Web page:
"Each person needs to know what they want." "He had a real good time." "The cat licked it's paw."
I encounter these sentences in my editing work all the time and I dutifully correct them because they are all grammatically or mechanically incorrect. Here are the corrected versions.
Each person needs to know what he or she wants (singular with singular).
He had a really good time (adverbial form modifying an adjective).
The cats licked its paw (the possessive of it has no apostrophe).
But we hear and see the incorrect versions all the time, so often in fact that we absorb them right into our speaking and writing. Usage is beginning to outweigh the rules.
American English has what is called a descriptive grammar, where the grammar rule describes common usage. Other languages, like French, have a prescriptive grammar, where the rules are decided by an august body of writers and grammarians.
Those of us in the business of helping writers adhere to current rules often have to give such sentences as those above double consideration. If it is a doctoral dissertation I'm editing, all three situations would get corrected. If it's fiction and these sentences occur as dialog, I'd correct only the last one (punctuation is still correct within dialog) but I'd leave the two usages alone as part of the natural speech pattern. However, if it's fiction and not dialog and not told in first person, I'd correct the apostrophe and query the author as to what he or she means to convey by the casual usage in the other two.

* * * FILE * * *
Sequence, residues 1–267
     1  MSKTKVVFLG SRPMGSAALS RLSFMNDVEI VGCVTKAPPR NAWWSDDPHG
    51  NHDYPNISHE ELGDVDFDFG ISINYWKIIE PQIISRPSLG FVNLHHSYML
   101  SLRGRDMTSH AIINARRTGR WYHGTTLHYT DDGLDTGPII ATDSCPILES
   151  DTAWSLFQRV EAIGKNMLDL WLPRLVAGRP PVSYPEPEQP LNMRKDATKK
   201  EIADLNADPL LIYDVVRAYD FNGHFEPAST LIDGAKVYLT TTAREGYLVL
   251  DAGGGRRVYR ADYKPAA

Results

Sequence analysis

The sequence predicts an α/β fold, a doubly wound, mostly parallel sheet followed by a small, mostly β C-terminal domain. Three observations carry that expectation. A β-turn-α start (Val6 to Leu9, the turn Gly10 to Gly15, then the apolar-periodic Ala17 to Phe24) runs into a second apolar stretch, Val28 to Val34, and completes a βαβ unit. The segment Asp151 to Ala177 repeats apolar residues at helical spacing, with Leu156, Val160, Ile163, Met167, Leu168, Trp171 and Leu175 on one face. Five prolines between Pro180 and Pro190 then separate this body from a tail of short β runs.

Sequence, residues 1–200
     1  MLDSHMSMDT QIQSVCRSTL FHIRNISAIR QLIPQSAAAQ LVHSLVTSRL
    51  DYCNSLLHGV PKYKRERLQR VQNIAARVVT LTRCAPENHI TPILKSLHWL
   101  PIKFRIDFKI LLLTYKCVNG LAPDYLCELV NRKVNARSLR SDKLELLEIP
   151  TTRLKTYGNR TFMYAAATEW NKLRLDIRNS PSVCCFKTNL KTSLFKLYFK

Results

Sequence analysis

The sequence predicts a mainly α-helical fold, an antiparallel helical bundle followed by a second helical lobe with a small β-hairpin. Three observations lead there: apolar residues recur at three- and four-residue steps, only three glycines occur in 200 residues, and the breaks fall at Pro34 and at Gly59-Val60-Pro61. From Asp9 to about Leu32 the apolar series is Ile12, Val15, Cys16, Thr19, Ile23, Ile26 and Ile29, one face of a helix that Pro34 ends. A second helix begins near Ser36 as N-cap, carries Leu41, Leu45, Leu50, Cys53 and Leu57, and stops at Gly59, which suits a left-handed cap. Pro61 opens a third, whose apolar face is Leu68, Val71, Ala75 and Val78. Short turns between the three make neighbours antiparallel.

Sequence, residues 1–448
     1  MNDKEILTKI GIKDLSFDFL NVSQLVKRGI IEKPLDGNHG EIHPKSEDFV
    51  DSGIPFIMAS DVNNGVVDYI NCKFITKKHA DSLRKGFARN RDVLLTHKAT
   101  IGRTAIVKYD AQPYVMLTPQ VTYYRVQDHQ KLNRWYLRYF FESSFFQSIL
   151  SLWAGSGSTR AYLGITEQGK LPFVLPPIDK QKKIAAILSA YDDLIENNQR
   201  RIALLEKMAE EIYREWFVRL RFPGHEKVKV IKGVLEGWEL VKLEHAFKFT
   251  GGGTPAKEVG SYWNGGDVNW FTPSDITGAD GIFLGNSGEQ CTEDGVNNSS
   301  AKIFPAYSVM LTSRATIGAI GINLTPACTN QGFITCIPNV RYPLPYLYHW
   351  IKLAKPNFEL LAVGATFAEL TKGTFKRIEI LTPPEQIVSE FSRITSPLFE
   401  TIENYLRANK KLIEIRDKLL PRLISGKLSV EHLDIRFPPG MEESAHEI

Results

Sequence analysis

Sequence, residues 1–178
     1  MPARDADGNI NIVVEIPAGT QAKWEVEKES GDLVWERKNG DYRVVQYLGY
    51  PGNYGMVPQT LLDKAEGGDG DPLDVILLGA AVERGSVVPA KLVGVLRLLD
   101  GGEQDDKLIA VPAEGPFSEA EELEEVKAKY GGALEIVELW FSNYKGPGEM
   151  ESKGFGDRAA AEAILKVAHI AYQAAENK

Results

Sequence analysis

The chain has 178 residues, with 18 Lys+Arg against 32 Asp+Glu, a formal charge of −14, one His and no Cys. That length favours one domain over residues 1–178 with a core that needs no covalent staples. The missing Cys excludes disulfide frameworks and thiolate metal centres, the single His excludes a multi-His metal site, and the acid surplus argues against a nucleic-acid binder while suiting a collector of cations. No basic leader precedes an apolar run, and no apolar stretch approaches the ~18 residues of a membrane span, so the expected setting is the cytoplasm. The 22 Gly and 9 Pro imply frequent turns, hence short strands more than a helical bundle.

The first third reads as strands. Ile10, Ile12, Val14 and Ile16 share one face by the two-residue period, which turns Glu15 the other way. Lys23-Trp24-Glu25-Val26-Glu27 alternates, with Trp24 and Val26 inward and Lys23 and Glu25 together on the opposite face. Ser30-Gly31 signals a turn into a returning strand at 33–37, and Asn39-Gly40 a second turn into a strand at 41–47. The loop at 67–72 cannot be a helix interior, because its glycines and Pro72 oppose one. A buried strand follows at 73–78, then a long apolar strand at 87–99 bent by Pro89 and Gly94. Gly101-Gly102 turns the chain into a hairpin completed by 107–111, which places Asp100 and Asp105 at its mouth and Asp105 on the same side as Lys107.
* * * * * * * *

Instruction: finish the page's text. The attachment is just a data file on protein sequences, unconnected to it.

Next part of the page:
Things are changing in the language all the time and we editors try to stay attentive to what's happening.